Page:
Today it took its case to the Supreme Court, where Justice Courtney Abel heard arguments for leave to apply for judicial review of the decisions of the National Environmental Appraisal Committee (NEAC) and the Department of the Environment (DOE) to approve the Harvest Caye EIA.
NCL is also in the case as an interested party through the Belize company which is actually managing the project, Belize Island Holdings Limited.
We spoke to BTIA’s attorney Senior Counsel Godfrey Smith.
“At this stage we just have to show the court that we have an argue of the case that the DOE and the NEAC made a mistake by not recommending a public hearing, when the law has a list of factors that should be considered in deciding whether to have a public hearing. So the environmental law lists that the magnitude of the project, the complexity of it, the magnitude of the investment, whether there is a deep interest in it by the public; we seeing all of these things existed. Therefore, the decision makers ought to have recommended a public hearing. But perhaps, more graciously, we are saying that before they could have gone on to consider whether to approve the EIA, they ought to have complied with the statute that says, you must give the public at least two weeks notice to get their comments together and submit it. When you look at the time when the EIA was submitted, 21st February and the date when it was considered and approved by the DOE was the 4th March. two weeks suddenly expired. So, they came and do it in breach of the law which is set up to make sure there that the public has full opportunity to participate”.
The case continues on Wednesday when the Government’s representative, Acting Solicitor General Nigel Hawke, continues his arguments. Today he said that the BTIA had not met the threshold of their application having a reasonable prospect of success in addition to having an arguable case over the decisions of NEAC and the DOE. BTIA president Herbert Haylock reiterates what the BTIA wants.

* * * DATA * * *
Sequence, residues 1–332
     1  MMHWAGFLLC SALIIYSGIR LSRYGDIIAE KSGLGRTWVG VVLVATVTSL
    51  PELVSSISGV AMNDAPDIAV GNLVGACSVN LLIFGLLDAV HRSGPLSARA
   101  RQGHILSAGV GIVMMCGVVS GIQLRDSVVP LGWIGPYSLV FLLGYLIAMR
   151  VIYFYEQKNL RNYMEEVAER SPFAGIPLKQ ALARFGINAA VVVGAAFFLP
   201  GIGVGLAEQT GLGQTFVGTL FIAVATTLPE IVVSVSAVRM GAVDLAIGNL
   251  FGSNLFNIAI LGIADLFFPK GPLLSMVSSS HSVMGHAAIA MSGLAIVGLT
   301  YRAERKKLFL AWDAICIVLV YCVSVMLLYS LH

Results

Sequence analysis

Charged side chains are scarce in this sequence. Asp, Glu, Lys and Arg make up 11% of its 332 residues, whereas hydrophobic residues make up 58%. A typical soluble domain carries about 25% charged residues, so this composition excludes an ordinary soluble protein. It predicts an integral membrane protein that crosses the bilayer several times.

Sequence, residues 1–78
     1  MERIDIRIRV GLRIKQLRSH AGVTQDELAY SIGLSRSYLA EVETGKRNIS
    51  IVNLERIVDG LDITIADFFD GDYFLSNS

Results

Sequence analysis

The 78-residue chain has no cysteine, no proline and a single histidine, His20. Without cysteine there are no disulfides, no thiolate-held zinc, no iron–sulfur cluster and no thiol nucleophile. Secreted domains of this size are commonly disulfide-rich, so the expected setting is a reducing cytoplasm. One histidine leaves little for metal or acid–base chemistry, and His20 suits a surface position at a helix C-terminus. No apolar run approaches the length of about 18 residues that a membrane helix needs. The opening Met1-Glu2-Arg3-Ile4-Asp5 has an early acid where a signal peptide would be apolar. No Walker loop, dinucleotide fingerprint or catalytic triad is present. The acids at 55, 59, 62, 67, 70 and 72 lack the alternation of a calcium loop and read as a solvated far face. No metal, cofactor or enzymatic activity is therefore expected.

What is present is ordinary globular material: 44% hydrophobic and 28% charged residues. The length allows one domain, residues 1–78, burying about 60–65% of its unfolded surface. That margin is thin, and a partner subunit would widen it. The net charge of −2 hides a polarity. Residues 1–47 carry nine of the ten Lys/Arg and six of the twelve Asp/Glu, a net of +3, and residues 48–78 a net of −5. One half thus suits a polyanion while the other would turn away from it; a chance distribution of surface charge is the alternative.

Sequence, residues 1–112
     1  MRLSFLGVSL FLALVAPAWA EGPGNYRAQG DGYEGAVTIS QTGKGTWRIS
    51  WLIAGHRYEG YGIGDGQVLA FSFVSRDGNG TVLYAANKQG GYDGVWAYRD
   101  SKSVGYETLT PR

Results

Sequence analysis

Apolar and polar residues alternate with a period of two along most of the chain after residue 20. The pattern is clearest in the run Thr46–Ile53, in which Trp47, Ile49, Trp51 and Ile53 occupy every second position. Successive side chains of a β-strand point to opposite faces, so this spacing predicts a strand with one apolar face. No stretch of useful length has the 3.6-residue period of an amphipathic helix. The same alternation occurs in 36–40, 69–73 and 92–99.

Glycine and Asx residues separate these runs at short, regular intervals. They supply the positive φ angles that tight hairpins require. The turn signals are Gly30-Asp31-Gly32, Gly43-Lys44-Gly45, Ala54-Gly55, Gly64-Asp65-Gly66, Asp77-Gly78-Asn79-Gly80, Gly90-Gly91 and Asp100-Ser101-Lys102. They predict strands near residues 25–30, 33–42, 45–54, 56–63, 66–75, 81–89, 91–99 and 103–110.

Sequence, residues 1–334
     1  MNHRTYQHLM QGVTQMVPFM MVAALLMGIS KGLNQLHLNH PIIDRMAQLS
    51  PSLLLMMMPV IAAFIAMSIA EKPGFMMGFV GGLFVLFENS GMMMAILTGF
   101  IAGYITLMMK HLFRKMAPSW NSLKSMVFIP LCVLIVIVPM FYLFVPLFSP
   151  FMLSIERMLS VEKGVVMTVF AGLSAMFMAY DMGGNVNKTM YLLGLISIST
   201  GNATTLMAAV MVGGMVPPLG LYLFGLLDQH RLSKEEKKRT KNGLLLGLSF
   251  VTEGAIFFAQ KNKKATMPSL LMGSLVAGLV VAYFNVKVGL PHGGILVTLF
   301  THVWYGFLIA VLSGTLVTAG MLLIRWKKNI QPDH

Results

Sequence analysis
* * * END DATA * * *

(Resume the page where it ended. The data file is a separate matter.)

“We would like to file back our ultimate position in terms of standing on the grounds of where the master plan holds, again, a development of this magnitude in that particular region of our country. It is going against that, and for example, if there is a need to revisit this EIA process, well, obviously one of the basic tenets of that process would recommend and saying so rather that we want to see a growing as part of that process because we need to be able to ventilate the records of information to the public and for the public to truly understand, and have an opportunity to comment in on a development of this magnitude, which we feel, has not been done initially”.
Haylock notes that there is a sense of urgency to the action as construction is underway but says they will wait to see how the case goes before outlining future steps. Senior Counsel Eamon Courtenay and Priscila Banner represent Belize Island Holdings Limited.